It's been nearly six months since the Yankees have played meaningful baseball. During that span, the same things about the 2016 Yankees have been repeated ad nauseam.
There are many questions and concerns surrounding the team. Mark Teixeira, Alex Rodriguez, and Carlos Beltran need to fight off age and injuries to stay productive in the middle of the lineup. Masahiro Tanaka needs to stay healthy and be effective, as does the rest of the rotation. Two of the most important players for the Yankees this season, though, are not garnering as much attention as some of their other teammates. You can make the argument that a handful of players are "most important" for the Yankees in 2016, and I'd argue that Jacoby Ellsbury and Brett Gardner staying healthy and productive is as vital as anything for the Yankees being successful this season.
When Ellsbury and Gardner are healthy and producing at the top of the lineup, the Yankee offense has the potential to be one of the most potent in baseball. However, when one or both is struggling or injured, it really wounds the entire Yankee offense. Teixeira, A-Rod, McCann, and Beltran are so important because they're the Yankees' main run producers, but there must be runners on base for them to drive people in.
If they're clicking, the duo could be the best one-two lineup punch in baseball. They get on base, can swipe bags, and have some power. When the Yankees signed Ellsbury prior to the 2014 season, they pictured these two wreaking havoc at the top of the lineup.
In 2014, Derek Jeter batted second so that plan was put on hold, but both put up solid seasons. Ellsbury sometimes led off, but mostly hit third; he slashed .271/.328/.419, hit 16 homers, swiped 39 bags, and had a 4.0 fWAR. Gardner, meanwhile, spent some time near the bottom of the order, but was predominately the leadoff hitter (107 games). He jacked a career high 17 home runs, stole 21 bases, and slashed .256/.327/.422 with a 111 wRC+. However, since Jeter and his legend status was staying the in the two-hole, Ellsbury and Gardner only batted next to each other at the top of the order a handful of times.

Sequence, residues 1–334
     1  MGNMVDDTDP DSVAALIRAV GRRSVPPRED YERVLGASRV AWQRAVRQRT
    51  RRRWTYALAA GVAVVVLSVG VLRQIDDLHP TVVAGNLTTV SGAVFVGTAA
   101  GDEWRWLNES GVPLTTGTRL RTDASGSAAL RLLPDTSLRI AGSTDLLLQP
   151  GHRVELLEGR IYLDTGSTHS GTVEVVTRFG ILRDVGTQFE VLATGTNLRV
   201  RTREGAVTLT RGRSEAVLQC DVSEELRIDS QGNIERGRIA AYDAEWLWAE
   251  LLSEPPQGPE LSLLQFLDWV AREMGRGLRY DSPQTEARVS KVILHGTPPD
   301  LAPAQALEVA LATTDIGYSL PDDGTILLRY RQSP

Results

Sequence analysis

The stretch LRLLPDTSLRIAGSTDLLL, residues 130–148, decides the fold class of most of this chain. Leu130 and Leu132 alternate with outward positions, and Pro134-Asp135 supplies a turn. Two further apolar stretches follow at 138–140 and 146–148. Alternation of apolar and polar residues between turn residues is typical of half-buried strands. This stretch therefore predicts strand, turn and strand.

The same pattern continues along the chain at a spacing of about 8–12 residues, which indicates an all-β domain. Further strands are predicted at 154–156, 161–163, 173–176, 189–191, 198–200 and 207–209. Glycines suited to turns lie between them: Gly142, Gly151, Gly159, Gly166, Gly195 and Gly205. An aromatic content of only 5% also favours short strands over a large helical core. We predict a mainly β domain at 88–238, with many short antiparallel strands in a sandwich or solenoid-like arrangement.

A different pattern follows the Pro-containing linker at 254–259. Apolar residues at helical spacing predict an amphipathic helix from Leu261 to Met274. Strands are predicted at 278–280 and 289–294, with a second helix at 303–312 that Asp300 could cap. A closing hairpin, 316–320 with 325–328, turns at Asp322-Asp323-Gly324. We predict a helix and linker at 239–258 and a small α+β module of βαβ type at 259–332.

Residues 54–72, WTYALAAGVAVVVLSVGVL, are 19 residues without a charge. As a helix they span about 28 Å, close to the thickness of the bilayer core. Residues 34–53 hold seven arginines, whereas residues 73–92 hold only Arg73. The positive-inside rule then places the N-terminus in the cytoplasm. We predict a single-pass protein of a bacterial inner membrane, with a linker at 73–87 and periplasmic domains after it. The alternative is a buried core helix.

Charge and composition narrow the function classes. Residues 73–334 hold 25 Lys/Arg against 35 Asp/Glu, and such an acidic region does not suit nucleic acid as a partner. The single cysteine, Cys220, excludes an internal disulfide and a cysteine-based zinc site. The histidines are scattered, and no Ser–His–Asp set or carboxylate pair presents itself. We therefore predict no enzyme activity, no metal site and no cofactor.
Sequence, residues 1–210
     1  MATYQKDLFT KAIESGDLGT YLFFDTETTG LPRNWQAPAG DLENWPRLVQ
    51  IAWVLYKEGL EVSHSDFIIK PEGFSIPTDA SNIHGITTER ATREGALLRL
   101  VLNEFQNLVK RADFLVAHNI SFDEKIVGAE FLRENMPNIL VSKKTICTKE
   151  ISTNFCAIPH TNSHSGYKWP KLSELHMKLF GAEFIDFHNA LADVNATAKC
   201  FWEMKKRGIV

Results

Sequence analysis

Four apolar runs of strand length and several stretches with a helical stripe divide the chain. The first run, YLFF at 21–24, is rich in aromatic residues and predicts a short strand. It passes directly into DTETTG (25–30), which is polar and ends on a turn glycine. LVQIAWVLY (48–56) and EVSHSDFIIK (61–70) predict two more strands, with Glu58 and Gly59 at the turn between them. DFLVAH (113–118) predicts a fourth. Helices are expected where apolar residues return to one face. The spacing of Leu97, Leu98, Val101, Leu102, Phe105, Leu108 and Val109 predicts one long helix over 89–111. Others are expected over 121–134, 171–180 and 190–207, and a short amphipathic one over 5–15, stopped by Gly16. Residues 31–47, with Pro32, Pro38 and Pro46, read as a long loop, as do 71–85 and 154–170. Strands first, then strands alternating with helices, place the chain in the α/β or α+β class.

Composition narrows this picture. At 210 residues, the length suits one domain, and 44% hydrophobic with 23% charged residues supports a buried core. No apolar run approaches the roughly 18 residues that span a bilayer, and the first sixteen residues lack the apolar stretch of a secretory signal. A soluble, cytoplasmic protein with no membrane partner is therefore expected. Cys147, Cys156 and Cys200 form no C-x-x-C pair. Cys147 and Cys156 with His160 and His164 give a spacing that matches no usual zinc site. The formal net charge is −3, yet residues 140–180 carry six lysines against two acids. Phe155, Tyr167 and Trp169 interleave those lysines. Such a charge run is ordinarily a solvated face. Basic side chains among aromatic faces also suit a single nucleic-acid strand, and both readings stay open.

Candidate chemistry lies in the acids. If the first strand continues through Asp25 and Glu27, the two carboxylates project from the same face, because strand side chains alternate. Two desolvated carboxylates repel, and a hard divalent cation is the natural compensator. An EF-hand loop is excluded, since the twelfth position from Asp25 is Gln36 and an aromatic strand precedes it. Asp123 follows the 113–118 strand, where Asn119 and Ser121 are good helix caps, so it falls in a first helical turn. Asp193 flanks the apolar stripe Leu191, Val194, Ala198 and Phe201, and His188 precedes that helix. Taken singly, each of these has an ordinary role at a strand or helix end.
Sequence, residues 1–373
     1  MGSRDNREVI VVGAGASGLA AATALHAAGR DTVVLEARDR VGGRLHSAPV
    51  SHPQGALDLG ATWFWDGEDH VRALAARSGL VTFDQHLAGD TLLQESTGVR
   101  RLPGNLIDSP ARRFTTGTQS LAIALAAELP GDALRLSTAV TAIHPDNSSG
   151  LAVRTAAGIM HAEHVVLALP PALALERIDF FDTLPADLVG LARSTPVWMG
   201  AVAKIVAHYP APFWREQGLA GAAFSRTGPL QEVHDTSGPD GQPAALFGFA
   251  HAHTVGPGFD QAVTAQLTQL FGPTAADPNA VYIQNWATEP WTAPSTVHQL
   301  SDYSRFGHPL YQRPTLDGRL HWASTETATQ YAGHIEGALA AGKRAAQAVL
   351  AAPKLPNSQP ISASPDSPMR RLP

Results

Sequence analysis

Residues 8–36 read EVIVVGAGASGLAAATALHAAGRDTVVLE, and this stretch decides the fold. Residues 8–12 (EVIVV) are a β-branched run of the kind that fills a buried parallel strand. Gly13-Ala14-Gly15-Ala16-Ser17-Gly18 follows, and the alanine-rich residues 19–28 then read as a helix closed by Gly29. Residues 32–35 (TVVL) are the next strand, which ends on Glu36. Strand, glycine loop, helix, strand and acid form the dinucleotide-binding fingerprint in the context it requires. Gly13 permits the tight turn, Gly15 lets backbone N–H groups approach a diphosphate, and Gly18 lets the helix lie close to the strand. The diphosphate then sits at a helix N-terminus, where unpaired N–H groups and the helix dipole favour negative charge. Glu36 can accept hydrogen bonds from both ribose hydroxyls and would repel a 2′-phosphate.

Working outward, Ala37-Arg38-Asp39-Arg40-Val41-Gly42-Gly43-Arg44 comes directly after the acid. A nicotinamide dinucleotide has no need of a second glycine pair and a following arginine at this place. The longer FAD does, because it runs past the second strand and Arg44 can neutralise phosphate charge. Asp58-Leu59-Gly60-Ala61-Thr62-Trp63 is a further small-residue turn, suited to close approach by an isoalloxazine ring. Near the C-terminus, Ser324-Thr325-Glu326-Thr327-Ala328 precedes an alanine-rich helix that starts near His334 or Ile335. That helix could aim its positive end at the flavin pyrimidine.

Through the first six weeks of last season, with Jeter having rode off into the sunset, the Yankees saw just how dangerous having Ellsbury-Gardner at the top of the order can be. Before hurting his knee, Ellsbury was having an early MVP-caliber season. He was slashing .324/.412/.372, had already stolen 14 bags, and scored 29 runs through 37 games. Gardner was hitting well too; he had a .291/.366/.433 slash, three homers, 16 RBI, and 9 steals. Ellsbury got hurt on May 19th, but up until that point the Yankees were in first place with a 22-17 record and a big reason for that was the dynamic one-two punch of Ellsbury and Gardner at the top of the order, setting the table for the rest of the lineup.
After that, though, things took a turn for the worse. Ellsbury didn't return from his knee injury until July, and hit .224 with a .269 OBP down the stretch. His 59 wRC+ in the second half was the fourth worst in baseball. Gardner, meanwhile, went on a tear in June without Ellsbury, hitting .351 with five dingers and 18 RBI, but he too struggled mightily in the second half; he hit just .206, and his 67 wRC+ was the 12th worst in baseball. It's no coincidence that the entire Yankee offense ultimately faltered down the stretch. From August on, the pinstripes went just 29-31 while averaging 4.4 runs per game, as opposed to 4.9 before that.
So if the Yankees offense excels when Ellsbury and Gardner are healthy and productive, but struggles when they're not, it's safe to say that these two are crucial for the Yankees succeeding this season. Projecting just how good they'll be, though, is rather difficult given the nature of the players.
Ellsbury is still very talented, was a four-win player as recently as 2014, and looked to be headed towards another strong campaign last season before his injury. One bad half of baseball shouldn't mean that he's done. However, it was a bit concerning and he's certainly suffered his fair share of injuries throughout his career, so it's reasonable to expect that he'll spend some time on the disabled list.
Gardner had been a solid all-around player throughout his career but, unsurprisingly, his skills are declining as he gets older. He's not the stolen base threat he once was; he has just 65 steals over the past three seasons, and he's hit under .260 each of the past two seasons (his career average is just .264). While he's still shown the ability to get on base and has hit 33 homers over the past two seasons, a lot of his production came during incredible hot streaks, as opposed to consistently producing throughout the season. Gardner is the definition of "streaky."
For what it's worth, here are their Steamer projections for this season.
Those numbers are obviously very similar. Both are projected to be about league average offensive players overall with the ability to steal some bags. Given the uncertainties surrounding both, these projections are a reasonable median. These numbers aren't awful, but they'll both need to perform more towards their ceilings if they're going to be the dynamic duo the Yankees need them to be.
The Yankees have a lot of uncertainty surrounding them this season and these two are no exception. While they alone won't determine the fate of the Yankees season, the offense does largely hinge on their health and production.